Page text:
“’Auvers is very beautiful, really profoundly beautiful… decidedly very beautiful… [It is] the real country, characteristic and picturesque… far enough from Paris to be real country… an almost lush country [with] much well-being in the air…. ‘no factories, but lovely greenery in abundance and well kept.’”
Fleurs dans un verre belongs to a very small group of floral still lifes that Vincent van Gogh completed in his seventy day residency in Auvers-sur-Oise, where he would bring his life to an end in the height of the summer of 1890. Although traditionally assigned to his time in Arles in J.B. de la Faille’s 1928 and 1939 catalogue raisonnés of the artist’s work, the present canvas is now agreed to have been part of the artist’s final, dramatic artistic production in this hamlet north of Paris. In his seventy days in Auvers, van Gogh would paint seventy or so canvases, a huge output by any measure. Many of these canvases represent the village of Auvers itself and its immediate surroundings. There are also major portraits and, rarer still, still lifes such as Fleurs dans un verre.
Van Gogh was not the first artist to draw inspiration from the picturesque town of Auvers-sur-Oise: “The medieval town along the Oise River, a tributary of the Seine, had entered the French imagination as early as the 1850s, when Charles Daubigny anchored his studio barge at the water’s edge and began to record its archetypal charms. Fixed in the rich alluvial margin between the river and the surrounding plateau, and dependent for centuries on the fish-rich waters of the Oise, the town had grown along the riverbank like a vine, not outward onto the surrounding plateau. Only a few roads wide, but miles long, mixing clusters of thatched houses and farm enclosures with vineyards and market gardens all along its winding length, Auvers became a model for the postcard-perfect rural utopias depicted again and again in the mania of nostalgia that accompanied the depredations of industry. Once the railroad came, the same mania brought flocks of Parisians, all looking for vestiges of the lost past. Artists like Corot, Cézanne and Pissarro followed Daubigny in capturing these pretty, rustic scenes for broader consumption, and dealers like Theo van Gogh sold thousands of their images of picturesque cottages, country lanes, and village folk, all advertising the reparative power of country life” (S. Naifeh & G. White Smith, Van Gogh The Life, New York, 2011, p. 826; see figs. 1 & 2).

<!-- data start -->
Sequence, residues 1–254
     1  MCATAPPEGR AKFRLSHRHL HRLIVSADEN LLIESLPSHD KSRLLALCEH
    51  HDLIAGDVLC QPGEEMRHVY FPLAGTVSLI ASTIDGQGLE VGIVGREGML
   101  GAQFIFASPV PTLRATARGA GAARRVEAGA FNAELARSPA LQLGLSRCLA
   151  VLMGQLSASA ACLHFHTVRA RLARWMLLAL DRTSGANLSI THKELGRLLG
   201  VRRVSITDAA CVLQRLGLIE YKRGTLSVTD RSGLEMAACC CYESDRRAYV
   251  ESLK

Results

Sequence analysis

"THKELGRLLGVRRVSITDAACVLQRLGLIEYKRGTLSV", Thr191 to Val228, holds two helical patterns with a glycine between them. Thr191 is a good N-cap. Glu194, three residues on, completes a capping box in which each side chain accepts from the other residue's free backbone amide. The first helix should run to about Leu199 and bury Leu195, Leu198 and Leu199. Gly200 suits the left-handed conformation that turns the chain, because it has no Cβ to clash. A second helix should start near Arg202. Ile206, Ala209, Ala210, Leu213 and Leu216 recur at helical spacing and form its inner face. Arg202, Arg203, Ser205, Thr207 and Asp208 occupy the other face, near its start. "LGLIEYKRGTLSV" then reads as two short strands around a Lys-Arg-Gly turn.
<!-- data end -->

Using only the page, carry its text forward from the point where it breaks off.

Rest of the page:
On his arrival and over the course of the coming weeks, van Gogh’s appreciation for the natural beauty and rural character of Auvers was consistently reflected in his letters to his brother Theo. He triumphed at the traditional thatched roofs, the quality of the air, the productive yet peaceful quotidian life of the village: “’Auvers is very beautiful,’ he wrote, ‘really profoundly beautiful… decidedly very beautiful.’ He called it ‘the real country, characteristic and picturesque… far enough from Paris to be real country… an almost lush country [with] much well-being in the air.’ He compared it to Puvis’s mural of quiet, ancient, unstained Eden—only lovingly tended like a Dutch garden, not Zola’s untamed Paradou—‘no factories, but lovely greenery in abundance and well kept’” (quoted in ibid., p. 825). Van Gogh’s principal anchor, from his first day in Auvers, was the eccentric homeopathic doctor Paul Gachet, for whom Theo provided a letter of introduction. The subject of several of van Gogh’s most famed and enduring portraits, Dr. Gachet and his household became the central point of Auvers that Vincent orbited around (see fig. 3).